San Diego, CA, November 15, 2011 -- A scene right out of the “Wizard of Oz,” with a few modern twists, is taking place today here at the Jacobs School of Engineering at UC San Diego. A small house is about to land on top of EBU 1, hoisted by one of the largest cranes in the United States. The house is scheduled to be hoisted at 11:30 AM on Tuesday November 15, 2011.
Get the latest pictures and updates on the Fallen Star hoist on the Jacobs School social media streams:
It’s all part of a new piece of artwork in the Stuart Collection, which brings site-specific works of art to the campus. Other pieces in the collection include the Sun God, near the UC San Diego Faculty Club, and the Bear, in the Engineering Courtyard.
This latest work is titled “Fallen Star” and is three-quarter-sized version of a small house in Providence, R.I. The entire sculpture consists of the house, cantilevered at an angle from the corner of EBU 1, with a roof garden on the existing building. It weighs in at about 70,000 pounds.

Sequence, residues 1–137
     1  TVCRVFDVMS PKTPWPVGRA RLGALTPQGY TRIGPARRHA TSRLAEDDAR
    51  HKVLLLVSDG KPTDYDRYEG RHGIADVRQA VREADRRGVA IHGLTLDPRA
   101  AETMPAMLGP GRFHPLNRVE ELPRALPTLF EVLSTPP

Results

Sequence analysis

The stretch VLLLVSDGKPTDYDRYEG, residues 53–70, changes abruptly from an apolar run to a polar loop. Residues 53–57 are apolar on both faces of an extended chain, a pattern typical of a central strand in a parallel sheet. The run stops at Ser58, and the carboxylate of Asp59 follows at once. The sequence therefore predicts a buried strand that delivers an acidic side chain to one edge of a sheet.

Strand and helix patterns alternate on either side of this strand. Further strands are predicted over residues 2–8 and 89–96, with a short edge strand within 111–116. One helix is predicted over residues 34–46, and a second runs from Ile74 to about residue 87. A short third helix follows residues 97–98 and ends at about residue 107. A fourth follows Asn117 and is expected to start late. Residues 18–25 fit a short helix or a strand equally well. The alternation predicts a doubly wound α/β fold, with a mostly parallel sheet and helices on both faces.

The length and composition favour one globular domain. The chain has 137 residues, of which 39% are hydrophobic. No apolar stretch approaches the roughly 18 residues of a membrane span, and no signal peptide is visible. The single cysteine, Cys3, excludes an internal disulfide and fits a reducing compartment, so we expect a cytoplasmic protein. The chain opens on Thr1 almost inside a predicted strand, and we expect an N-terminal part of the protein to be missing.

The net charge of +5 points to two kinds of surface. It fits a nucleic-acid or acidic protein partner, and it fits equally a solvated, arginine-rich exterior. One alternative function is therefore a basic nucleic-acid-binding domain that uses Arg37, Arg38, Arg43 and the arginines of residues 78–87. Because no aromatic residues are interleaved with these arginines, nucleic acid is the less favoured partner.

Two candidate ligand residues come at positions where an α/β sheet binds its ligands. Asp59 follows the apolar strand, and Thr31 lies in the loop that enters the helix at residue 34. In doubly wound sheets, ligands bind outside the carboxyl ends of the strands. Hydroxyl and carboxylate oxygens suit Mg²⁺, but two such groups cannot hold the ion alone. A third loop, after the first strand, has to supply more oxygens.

Update: Watch the house hoist on YouTube.
The crane that will lift the Fallen Star up to the roof of EBU 1 arrived this around 7:30 a.m. on Warren Mall. Crews assembled it slowly until it reached its final height, which will allow it to lift the artwork up to the seventh floor. By 10 a.m., construction crews were lassoing a harness around the house. It is connected to the crane and will allow the artwork to travel through the air to its destination.
Once the house is hoisted on top of EBU 1, there still will be quite a bit of work to do. It needs to be furnished. The area around it also will be transformed into a garden with plants from the East Coast. Fallen Star is set to be open to the public sometime this spring, in February or March.
The work is supported entirely by private donations to the Stuart Collection and a $90,000 grant from the National Endowment for the Arts. It explores the feeling of displacement many students may experience as they move onto a university campus, as well as the notion of home.
“Fallen Star can be seen as a kind of ‘home’ for the students who have left their homes to come to the university,” said Mary Beebe, director of the Stuart Collection.